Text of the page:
Skip to main content

The network for trade,
training and development 

18 October 2019

Careers in Publishing

Advice on careers in publishing

Being immersed in the world of books for a living can sound like a very attractive and glamorous career option: many people love reading, meeting authors, and discussing their favourite books. However, there is much more to working in publishing than dealing with manuscripts and writers - the range of jobs varies enormously depending on what kind of publishing you find yourself in and which department.

As well as information about the types of publishers and publishing jobs, we've also got some advice about getting a job in publishing.

Types of Publishers

From 'trade' publishing or general, consumer publishing (the kinds of books you find most often in your local bookshop: fiction and non-fiction) to children's, to academic (aimed at the higher education sector), to educational (aimed at schools), reference (dictionaries etc), business and professional (law, accountancy and management), and scientific, technical and medical (STM for short), all the way to online, digital publishing, the work will differ.

A browse through our list of Publisher Members gives a good overview of publishers in Scotland and what they do.


Types of Jobs

What sorts of jobs can you hope to find? As publishing is a bit of an umbrella term, then the jobs are equally varied. Working in the editorial department will involve a different set of tasks and skills from those demanded in the production department where a more technical knowledge is required. The marketing department demands imagination, persistence and networking skills. There are also the lesser-known jobs (but no less interesting) such as selling rights or being a sales rep for a company. Skills in planning, analysis and basic finance are useful and valued in most areas. In smaller publishers it is common for more than one role to be combined. 

The National Occupational Standards for Book and Journal Publishing provide detailed descriptions of and standards for various publishing skills and job functions from understanding your publishing organisation and its market to defining technical and project specifications for digital markets. See the NOS website.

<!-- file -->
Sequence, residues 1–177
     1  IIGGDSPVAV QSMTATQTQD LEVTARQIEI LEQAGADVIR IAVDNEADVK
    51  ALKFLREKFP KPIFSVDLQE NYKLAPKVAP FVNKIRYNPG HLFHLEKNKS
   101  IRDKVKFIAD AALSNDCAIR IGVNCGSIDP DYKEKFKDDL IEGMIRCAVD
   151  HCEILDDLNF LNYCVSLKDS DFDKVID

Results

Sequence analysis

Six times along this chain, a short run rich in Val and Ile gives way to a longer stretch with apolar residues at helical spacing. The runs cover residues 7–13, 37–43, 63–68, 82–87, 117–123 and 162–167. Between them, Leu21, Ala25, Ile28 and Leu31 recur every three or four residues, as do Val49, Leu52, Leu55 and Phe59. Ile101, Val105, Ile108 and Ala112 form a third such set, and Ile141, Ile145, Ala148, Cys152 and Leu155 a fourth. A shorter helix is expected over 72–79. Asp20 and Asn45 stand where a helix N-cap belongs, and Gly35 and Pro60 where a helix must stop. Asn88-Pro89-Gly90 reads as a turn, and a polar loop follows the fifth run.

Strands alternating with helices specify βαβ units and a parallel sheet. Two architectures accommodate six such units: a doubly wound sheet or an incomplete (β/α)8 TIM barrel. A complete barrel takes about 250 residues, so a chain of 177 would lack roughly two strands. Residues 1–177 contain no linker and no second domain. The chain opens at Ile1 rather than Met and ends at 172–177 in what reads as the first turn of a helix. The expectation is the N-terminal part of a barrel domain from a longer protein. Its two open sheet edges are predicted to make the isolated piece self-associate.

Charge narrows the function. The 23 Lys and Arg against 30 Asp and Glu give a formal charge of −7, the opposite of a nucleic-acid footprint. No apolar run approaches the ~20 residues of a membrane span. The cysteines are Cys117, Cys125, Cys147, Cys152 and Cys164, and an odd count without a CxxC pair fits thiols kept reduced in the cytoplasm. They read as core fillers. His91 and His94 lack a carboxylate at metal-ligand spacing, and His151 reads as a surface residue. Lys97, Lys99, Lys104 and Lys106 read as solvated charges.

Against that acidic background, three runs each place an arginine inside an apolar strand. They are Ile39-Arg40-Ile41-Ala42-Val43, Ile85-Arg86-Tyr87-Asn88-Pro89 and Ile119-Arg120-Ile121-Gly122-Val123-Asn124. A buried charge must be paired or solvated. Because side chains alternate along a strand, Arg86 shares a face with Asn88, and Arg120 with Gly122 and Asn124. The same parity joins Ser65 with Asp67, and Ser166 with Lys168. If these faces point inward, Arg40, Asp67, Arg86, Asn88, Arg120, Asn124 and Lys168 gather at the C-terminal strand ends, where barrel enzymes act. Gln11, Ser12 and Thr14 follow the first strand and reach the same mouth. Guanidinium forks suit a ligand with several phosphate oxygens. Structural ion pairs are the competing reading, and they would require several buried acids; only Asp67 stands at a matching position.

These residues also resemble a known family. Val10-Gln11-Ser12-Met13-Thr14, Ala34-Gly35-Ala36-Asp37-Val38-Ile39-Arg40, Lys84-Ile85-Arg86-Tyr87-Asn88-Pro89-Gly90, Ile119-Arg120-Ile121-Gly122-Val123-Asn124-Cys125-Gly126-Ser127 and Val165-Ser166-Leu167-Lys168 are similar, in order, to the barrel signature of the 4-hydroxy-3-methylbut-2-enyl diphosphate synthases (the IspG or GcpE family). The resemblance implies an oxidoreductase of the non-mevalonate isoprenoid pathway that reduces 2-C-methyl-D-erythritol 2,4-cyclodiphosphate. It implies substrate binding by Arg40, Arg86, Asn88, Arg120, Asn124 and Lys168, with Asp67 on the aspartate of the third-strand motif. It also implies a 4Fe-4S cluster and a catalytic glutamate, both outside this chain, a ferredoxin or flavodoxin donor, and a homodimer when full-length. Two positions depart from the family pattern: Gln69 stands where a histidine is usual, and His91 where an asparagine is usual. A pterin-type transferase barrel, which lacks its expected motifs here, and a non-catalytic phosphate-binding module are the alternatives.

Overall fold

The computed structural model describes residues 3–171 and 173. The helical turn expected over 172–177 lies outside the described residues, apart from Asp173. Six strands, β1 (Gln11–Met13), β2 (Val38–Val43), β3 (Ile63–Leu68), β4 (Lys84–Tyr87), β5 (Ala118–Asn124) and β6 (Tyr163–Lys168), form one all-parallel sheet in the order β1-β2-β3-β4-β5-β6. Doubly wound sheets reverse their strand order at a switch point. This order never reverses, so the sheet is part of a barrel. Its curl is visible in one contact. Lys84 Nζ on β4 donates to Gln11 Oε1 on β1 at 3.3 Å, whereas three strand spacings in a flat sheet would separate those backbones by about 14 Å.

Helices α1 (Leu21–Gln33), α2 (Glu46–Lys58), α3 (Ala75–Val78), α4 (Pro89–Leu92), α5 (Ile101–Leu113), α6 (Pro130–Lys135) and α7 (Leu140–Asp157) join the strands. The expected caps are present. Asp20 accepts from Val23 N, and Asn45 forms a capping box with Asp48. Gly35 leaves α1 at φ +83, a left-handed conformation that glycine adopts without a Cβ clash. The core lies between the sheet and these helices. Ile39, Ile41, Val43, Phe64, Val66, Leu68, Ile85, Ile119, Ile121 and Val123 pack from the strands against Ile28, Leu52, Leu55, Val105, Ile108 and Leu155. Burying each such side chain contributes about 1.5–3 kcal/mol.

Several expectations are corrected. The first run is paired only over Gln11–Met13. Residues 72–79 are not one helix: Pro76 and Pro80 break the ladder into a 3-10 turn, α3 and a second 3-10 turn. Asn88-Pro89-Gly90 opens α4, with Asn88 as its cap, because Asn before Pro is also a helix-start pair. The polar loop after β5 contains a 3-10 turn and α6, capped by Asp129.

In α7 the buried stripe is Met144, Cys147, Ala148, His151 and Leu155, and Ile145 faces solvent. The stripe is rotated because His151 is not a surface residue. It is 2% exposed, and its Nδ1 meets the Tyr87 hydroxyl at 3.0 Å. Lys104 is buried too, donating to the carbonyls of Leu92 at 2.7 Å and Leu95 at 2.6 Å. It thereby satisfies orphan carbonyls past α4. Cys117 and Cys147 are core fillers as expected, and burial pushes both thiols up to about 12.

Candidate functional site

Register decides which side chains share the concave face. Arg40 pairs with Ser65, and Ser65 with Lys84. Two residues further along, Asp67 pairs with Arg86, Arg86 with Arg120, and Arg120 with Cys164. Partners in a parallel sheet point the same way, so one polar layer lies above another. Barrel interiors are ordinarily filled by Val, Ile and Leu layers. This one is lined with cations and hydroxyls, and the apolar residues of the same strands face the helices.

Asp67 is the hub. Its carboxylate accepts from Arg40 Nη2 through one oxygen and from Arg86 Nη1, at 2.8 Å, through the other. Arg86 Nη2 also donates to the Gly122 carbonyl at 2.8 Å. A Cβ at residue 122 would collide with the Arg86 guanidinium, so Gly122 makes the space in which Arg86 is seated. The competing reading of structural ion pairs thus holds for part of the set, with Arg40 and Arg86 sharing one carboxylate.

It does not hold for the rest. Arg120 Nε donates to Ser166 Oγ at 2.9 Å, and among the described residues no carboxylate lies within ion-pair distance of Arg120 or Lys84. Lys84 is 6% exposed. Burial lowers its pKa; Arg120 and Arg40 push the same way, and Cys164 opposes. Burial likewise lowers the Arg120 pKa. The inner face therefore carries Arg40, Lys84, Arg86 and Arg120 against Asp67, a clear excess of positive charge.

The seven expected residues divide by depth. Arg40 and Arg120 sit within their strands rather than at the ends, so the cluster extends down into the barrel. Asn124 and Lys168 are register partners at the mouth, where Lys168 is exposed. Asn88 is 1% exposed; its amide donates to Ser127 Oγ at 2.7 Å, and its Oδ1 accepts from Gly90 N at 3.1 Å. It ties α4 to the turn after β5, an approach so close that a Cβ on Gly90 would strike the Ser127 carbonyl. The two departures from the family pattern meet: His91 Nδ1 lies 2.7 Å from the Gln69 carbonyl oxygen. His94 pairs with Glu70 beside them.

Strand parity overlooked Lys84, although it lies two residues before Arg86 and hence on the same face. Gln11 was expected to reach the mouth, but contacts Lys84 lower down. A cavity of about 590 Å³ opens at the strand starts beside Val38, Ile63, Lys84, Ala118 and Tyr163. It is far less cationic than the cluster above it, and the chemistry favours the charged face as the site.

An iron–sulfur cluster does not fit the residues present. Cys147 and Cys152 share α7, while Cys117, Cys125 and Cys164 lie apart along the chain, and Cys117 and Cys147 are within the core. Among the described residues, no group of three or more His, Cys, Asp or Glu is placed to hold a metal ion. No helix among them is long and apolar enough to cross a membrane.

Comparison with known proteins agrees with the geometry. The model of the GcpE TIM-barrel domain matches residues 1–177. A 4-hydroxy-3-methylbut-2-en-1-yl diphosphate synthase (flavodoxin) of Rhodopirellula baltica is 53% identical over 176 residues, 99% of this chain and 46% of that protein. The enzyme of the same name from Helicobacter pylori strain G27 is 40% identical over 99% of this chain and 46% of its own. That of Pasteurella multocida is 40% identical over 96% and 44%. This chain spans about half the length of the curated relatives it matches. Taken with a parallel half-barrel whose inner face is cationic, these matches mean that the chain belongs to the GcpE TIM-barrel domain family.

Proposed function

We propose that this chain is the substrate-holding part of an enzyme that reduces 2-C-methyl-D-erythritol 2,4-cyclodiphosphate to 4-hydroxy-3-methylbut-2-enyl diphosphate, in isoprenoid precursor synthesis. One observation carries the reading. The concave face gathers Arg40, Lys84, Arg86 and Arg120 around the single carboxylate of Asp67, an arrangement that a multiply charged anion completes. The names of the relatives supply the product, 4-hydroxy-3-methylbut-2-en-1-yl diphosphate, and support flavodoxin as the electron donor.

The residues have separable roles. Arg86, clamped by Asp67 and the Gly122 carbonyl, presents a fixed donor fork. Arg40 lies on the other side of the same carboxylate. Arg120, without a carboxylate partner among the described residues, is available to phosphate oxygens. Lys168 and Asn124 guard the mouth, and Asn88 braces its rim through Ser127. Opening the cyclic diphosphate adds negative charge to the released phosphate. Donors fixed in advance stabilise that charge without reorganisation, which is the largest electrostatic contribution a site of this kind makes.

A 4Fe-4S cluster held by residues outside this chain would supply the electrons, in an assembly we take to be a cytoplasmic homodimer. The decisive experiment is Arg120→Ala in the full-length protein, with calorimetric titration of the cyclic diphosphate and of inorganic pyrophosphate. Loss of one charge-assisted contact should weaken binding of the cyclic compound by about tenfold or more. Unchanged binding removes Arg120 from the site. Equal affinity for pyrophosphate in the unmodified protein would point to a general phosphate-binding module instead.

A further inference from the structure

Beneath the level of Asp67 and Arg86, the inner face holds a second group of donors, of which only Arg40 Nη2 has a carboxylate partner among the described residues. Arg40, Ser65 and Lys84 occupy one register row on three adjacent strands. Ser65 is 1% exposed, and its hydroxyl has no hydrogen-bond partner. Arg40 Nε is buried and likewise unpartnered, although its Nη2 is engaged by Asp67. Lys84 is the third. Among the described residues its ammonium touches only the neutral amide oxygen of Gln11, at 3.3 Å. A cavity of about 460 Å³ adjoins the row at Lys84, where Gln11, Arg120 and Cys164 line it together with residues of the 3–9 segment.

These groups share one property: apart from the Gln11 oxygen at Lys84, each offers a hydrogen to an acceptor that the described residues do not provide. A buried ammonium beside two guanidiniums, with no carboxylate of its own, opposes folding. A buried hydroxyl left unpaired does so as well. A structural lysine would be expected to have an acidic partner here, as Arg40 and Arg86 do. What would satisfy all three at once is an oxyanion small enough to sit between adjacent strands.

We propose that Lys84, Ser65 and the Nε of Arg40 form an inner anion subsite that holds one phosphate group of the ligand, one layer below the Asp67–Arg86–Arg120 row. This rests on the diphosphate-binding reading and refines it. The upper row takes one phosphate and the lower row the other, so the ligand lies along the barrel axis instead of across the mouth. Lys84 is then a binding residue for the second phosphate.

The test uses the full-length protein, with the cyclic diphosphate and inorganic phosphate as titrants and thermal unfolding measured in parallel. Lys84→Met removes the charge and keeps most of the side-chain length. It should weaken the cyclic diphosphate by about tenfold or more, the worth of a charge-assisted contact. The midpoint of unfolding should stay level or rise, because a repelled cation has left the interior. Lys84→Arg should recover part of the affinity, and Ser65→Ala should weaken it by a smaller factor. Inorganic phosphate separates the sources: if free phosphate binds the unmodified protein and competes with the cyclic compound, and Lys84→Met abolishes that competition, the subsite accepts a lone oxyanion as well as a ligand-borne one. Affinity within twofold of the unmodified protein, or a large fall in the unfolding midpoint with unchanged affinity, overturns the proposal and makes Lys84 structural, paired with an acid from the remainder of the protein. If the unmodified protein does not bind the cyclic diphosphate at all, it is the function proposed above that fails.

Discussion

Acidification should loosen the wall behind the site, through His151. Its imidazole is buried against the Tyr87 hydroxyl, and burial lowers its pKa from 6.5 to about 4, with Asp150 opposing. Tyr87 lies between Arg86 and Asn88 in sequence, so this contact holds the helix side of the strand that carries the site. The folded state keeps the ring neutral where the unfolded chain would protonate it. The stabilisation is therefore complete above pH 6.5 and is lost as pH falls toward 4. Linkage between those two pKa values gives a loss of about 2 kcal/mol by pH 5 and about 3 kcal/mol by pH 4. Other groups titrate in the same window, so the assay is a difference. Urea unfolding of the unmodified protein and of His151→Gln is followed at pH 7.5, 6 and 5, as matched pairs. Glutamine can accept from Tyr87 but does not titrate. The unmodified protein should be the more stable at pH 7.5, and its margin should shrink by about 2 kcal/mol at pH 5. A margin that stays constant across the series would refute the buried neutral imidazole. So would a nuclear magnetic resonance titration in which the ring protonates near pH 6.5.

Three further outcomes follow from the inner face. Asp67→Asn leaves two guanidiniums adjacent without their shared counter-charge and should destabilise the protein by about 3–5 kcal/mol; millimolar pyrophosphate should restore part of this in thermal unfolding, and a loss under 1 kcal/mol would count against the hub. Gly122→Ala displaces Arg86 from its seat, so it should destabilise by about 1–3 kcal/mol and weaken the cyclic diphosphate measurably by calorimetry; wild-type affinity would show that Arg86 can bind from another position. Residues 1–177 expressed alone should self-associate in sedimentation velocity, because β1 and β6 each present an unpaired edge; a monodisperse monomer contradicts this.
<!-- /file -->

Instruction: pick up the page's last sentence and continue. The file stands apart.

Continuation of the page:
Work, Qualifications and Training

It can be useful to get some work experience before you apply for a job. It doesn't necessarily have to be in publishing - related work can be extremely valuable eg bookselling, book festivals, copywriting, events and general office administration.

In addition to work experience, you may also want to consider a publishing qualification or participating in training courses. Publishing Scotland runs short courses in areas such as proofreading, design and marketing: all of our courses are listed on our training pages.

Most entrants to publishing are educated to degree level and many of them now have publishing degrees or post-graduate qualifications. Edinburgh Napier University and the University of Stirling offer publishing courses in Scotland:

MSc in Publishing (programmes of study)

MLitt in Publishing Studies
MRes in Publishing Studies
all of which can be full time or part time

However, a degree is not necessary for all publishing jobs - the job advertised might be one that involves skills and knowledge not covered by a university course. Consider whether you have relevant skills and the desire and flexibility to learn and don't be put off applying.

Some big companies in London run training schemes that are open to all and encourage applications from those without degrees or who are under-represented in the industry. See eg The HarperCollins BAME Traineeship and Penguin Random House Work Experience.


Advice on finding a job

The key is finding out as much as possible about what the jobs involve. Talk to people in the industry; get a hold of the book trade's magazine, The Bookseller, which features job advertisements; read publishing blogs; follow publishers on Twitter. Some publishers post vacancies or their own websites. Often publishers, particularly if they're of a small or medium size, may not advertise at all, preferring to fill their vacancies by word-of-mouth, or from interns or previous applicants. We publicise our members' vacancies on our website, in our industry newsletter and by Twitter. Some publishers also advertise in The Bookseller and The Guardian and you can sign up for their job alerts.


Applying for a job

Whether you are applying for an internship or a vacancy, or sending a speculative application, it is essential to tailor your covering letter and CV to the publisher you are applying to. Research the publisher's website, Facebook, Twitter etc and have a look at their books in a bookshop or library if you can. You will be facing a lot of competition for any post so present your application well and ensure it is error-free.


Working as a freelance proofreader or copy-editor

Publishers are increasingly outsourcing proofreading and copy-editing. Many freelancers working as proofreaders or copy-editors already have some formal training or experience gained from having worked in-house, as well as contacts. But there are reputable training courses where you can learn the skills, and gain an understanding of where proofreading and copy-editing sit in the publishing process. In Scotland, Publishing Scotland runs an annual training programme that includes editorial courses. All of our courses are listed on the training pages.

Do be aware that it is not a highly paid job and publishers vary greatly in their levels of pay for proofreaders, from an hourly rate to a one-off fee. There are no standard fees. Some publishers will give potential proofreaders an advance exercise to establish their skills. For a good source of information and advice on this area of publishing, see the Society for Editors and Proofreaders' website.